Israel razes Palestinian homes in East Jerusalem as US envoy George Mitchell holds talks with PA president.
Abbas insists on US guarantees before restarting peace talks
TEL AVIV // The Palestinian president, Mahmoud Abbas, met Washington's Middle East envoy yesterday in a bid to revive peace talks, even as Israel's razing of Palestinian homes and approval of new Jewish settler houses in East Jerusalem appeared likely to deepen the rift between the two sides.
Mr Abbas convened with George Mitchell at the PA's headquarters in the West Bank city of Ramallah for almost three hours. Mr Abbas's aides said the discussion included the Palestinians' request for US guarantees, such as an Israeli settlement freeze, before they would agree to return to any peace talks.
Speaking a week after Washington admitted failure in securing an Israeli moratorium on settlement building that would have revived direct negotiations, Mr Mitchell conceded that the US is facing challenges in its mediation role but would continue in its efforts.
"As we expected, there had been many difficulties, obstacles and setbacks along the way. We accept it, but we are determined to persevere in our efforts until we reach the successful conclusion that I think we all want," he told reporters after meeting Mr Abbas.
The Palestinian leader is due to meet Arab League foreign ministers today in Cairo about the next steps in the peace process, his spokesman, Nabil Abu Rudeina, said.
But tensions between Israel and the Palestinians seemed likely to heighten after Israeli authorities, accompanied by dozens of police, destroyed two Palestinian homes under construction in East Jerusalem that they claimed had no permit.
Witnesses told Agence France-Presse that a bulldozer destroyed a single-storey building in the southern Sur Bahir neighbourhood, although it was unoccupied at the time. Another smaller and also uninhabited structure was razed in the Ras al Amud neighbourhood near the Mount of Olives, AFP reported.
Many Palestinians build homes in East Jerusalem without permits because such authorisations are extremely difficult for them to obtain from the Jerusalem municipality. Palestinians, who want East Jerusalem as the capital of their future state, have accused Israeli authorities of preventing Arab residents of the city from legally constructing homes out of political considerations.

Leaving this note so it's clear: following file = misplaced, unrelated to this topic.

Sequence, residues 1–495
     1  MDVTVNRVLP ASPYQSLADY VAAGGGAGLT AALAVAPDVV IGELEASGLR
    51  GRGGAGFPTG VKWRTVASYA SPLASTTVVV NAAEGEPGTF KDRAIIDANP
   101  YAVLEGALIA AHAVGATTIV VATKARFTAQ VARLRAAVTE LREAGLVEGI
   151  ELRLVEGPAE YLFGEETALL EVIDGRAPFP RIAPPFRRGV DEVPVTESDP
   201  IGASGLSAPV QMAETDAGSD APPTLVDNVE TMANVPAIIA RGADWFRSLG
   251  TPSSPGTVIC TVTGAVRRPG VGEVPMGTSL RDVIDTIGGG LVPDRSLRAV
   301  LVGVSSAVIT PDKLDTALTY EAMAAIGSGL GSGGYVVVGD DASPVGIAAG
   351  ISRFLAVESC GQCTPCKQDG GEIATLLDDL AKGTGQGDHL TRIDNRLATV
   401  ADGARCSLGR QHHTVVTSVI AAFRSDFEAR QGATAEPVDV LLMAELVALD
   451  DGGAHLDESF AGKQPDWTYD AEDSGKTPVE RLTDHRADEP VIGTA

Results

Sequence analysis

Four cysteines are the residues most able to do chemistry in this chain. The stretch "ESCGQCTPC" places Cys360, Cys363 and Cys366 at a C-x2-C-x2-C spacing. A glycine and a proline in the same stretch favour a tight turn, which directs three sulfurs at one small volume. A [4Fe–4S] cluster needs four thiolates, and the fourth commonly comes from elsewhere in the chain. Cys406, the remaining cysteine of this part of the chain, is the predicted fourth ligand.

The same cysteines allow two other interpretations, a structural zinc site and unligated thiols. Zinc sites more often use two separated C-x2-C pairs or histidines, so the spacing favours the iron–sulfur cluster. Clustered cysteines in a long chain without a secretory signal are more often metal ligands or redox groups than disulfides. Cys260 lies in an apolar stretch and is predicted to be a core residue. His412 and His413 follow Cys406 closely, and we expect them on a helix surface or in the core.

Israel views East Jerusalem as part of its capital and Benjamin Netanyahu, the right-wing prime minister, has insisted he will oppose giving up parts of the holy city. Israel captured East Jerusalem in the 1967 Arab-Israeli War and annexed it in a move that was never recognised by the international community.
Also yesterday, Peace Now, an Israeli anti-settlement group, said that the Jerusalem municipality had approved the construction of 24 housing units in four buildings for Jewish settlers in the midst of the Palestinian neighbourhood of As Suwwana, just east of Jerusalem's Old City. Hagit Ofran, a director at Peace Now, said that Jerusalem's building and planning committee had given the go-ahead to a group affiliated with Elad, a settler movement that has acted aggressively to set up Jewish homes in East Jerusalem.
The White House is trying to return Israelis and Palestinians to indirect negotiations after its bid to continue face-to-face talks came to naught just three weeks after they were re-launched on September 2. The attempt failed because Israel rejected the Palestinian demand to freeze settlement construction in the occupied West Bank for another three months after a previous 10-month moratorium expired on September 26.
Palestinian Authority officials said yesterday that the talks between Mr Mitchell and Mr Abbas focused on a letter that Saeb Erekat, a Palestinian negotiator, handed last week in Washington to Hillary Clinton, the US secretary of state, asking for a series of US pledges before any US-mediated shuttle diplomacy is resumed.
The letter demanded a complete stop to Israeli building of Jewish settlements in the West Bank and East Jerusalem. It also urged the US to either recognise the creation of a Palestinian state within the territory captured by Israel in 1967, or not hinder the Palestinians from seeking such recognition from the United Nations Security Council.
The Palestinians have also said in recent days that they want Washington to produce an outline for clear terms of reference for the negotiations, their likely duration and the role the US will play in the talks.
Late on Monday, Mr Mitchell met with Mr Netanyahu in Jerusalem, just hours after the Israeli premier called the issue of Jewish settlement growth "marginal" to the peace talks.
Mr Netanyahu, speaking to reporters during a visit to the country's north, said the two had spoken "about ways to advance the peace process, because that is Israel's aim".